TONY LEEN: With only a brief pause for prize-giving, Kerry drive on

Such is the way of these things now Munster finals wins, even four of them in a row, are viewed through the prism and in the context of August and September.

As an argument for the retention of the provincial championship format, the unseemly haste with which the debate moves on makes a fairly leaky case for the Remain As Is traditionalists.

The monies harvested from yesterday’s Killarney crowd of 21,512 will fund much good work, but the bean counters won’t want too many finals without a rush of red on the terraces.

Afterwards Bryan Sheehan collected the cup that doesn’t have a name, wished Tipperary the best in the qualifiers, and moved though the crowds to the dressing room. Munster title No 78.

Kerry made light/hard work (delete as appropriate) of Tipperary’s challenge, winning by 10 after conceding a goal inside 40 seconds. Eamonn Fitzmaurice and his cohorts will dissect this Munster final as thoroughly as one can, and if they’re of a mind they might focus on conceding 2-10 and the tracts of space and uncertainty in their last third.

But with 20 minutes remaining, Kerry led 3-10 to 1-5 and their players would be automatons if the throttle wasn’t released. They might also have been a little giddy with pleasure at the manner of that clinical third goal.

Come the Croke Park phase of the Championship, the Kingdom will have to bring a fresh arm from the bull-pen, something or someone that will knock the likes of Dublin - and by that we actually mean Dublin - back on their asses.

Not even Kerry has a capacity to stir their sauce with a secret ingredient, but there’s a swell of options available to management now that might keep opponents guessing.

Paul Geaney is one such.

His turn and burn - onto his supposedly weaker left side - for the third goal on 50 minutes was further evidence that when in the peak of his fitness, the Dingle man is the purest net finisher in the squad.

The frustration is that his fitness peak is a seldom seen phenomenon, but afterwards yesterday, he was of a mind to point out his pleasure, and one suspects relief, at finishing two consecutive championship matches in a row.

Where some of his colleagues nursed their pride and their bodies back to wellbeing after the no- show in September against Dublin, Geaney underwent a back operation, then a shoulder procedure for good measure. He returned in the League this spring against Monaghan, but it’s only in the last six weeks he is showing again the type of sharpness and nous in the scoring areas that lit up the opening seconds of the All- Ireland final two years ago.

He claimed 2-3 from play against Tipp, and the first half goal was again rifled home with the authority of a sniper. It was created by Mikey Geaney, his cousin who’s had his own road back to health from a back operation last autumn.

Add to the mix the rehabilitation of Anthony Maher and the return of James O’Donoghue, also the debutant finalists, Briain Ó Beaglaoich and Tadhg Morley, and it’s clear the Kingdom has some straws to stir with.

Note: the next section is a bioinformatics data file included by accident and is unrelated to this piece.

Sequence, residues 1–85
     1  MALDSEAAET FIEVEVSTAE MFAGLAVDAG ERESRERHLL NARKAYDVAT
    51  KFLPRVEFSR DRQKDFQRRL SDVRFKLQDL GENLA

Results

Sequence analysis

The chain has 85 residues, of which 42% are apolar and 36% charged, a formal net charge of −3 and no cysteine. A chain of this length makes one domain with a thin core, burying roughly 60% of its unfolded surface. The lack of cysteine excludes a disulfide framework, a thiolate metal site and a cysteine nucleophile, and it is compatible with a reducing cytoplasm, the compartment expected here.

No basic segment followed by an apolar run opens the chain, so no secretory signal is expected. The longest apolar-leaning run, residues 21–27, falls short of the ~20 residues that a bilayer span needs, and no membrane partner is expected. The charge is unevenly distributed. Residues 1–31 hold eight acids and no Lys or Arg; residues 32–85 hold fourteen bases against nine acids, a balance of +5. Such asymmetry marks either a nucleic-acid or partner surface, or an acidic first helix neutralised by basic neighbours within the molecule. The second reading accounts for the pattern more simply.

But they look to have lost Colm Cooper for the quarter-finals in four weeks with a collarbone injury.

Even if he is medically able for the last eight, it’s doubtful whether Kerry would take an unnecessary risk with their conductor.

Liam Kearns, the Tipperary manager of Tralee stock, was also of the view afterwards Kerry’s game pace mightn’t take them all the way to September.

“In my heart, I’d say yes but in my head, I’d say no,”; he indicated.

“They have the forwards alright, if they got everybody fit, maybe...I’d say Tipp were lacking in a few areas today, and maybe they (Kerry) are also lacking in a few areas.”

One might safely assume Kearns was referring to the fact Kerry’s ageing legs in certain areas might be their undoing. Hence Eamonn Fitzmaurice’s delight at the half back displays of Ó Beaglaoich and Morley in the absence of their anchor Peter Crowley, who missed out after clashing heads with Johnny Buckley in training.

Said Kearns: “They’re working at it and Eamonn thinks about the game. I’ve no doubt they’ll improve.”

It’s four weeks to the Kingdom’s All-Ireland quarter-final, and though their last eight opponents may not come from the clutch of ‘name’ counties, the breadth and space of Croke Park brings its own unique considerations.

Kerry will have to decide whether the experience of Donaghy at midfield and O’Mahony in defence is greater than the threat of being outrun by younger rivals. By the time the Championship is down to the last four, it may be the Kingdom’s greatest dilemma - on the basis, of course, they are still involved.

They led by six at the break in Killarney, and Tipp wasted three chances after the restart to test Kerry’s gut. In the 40th minute, a Kerry sideline ball from Paul Geaney to Donnchadh Walsh was threaded without interruption to Stephen O’Brien for his first point. It was too easy at moments like that, and the fundamental difference between Division One and Division Three pace.

Michael Quinlivan warmed Brian Kelly’s hands before Kerry started unloading the heavy artillery off the bench. Moran, Lyne, Barry John Keane.

“Then I looked around with 10 minutes left and thought, lovely, they are bringing on James O’Donoghue now,” smiled a rueful Kearns later.

The Legion man clocked up four quick points to take into July’s preparations for Jones’ Road.

“We know where we are, we have our targets,” Paul Geaney added.

Four Munsters in a row is laudable, the first since the Golden Years. But it won’t roll anyone’s socks up and down come August and September.


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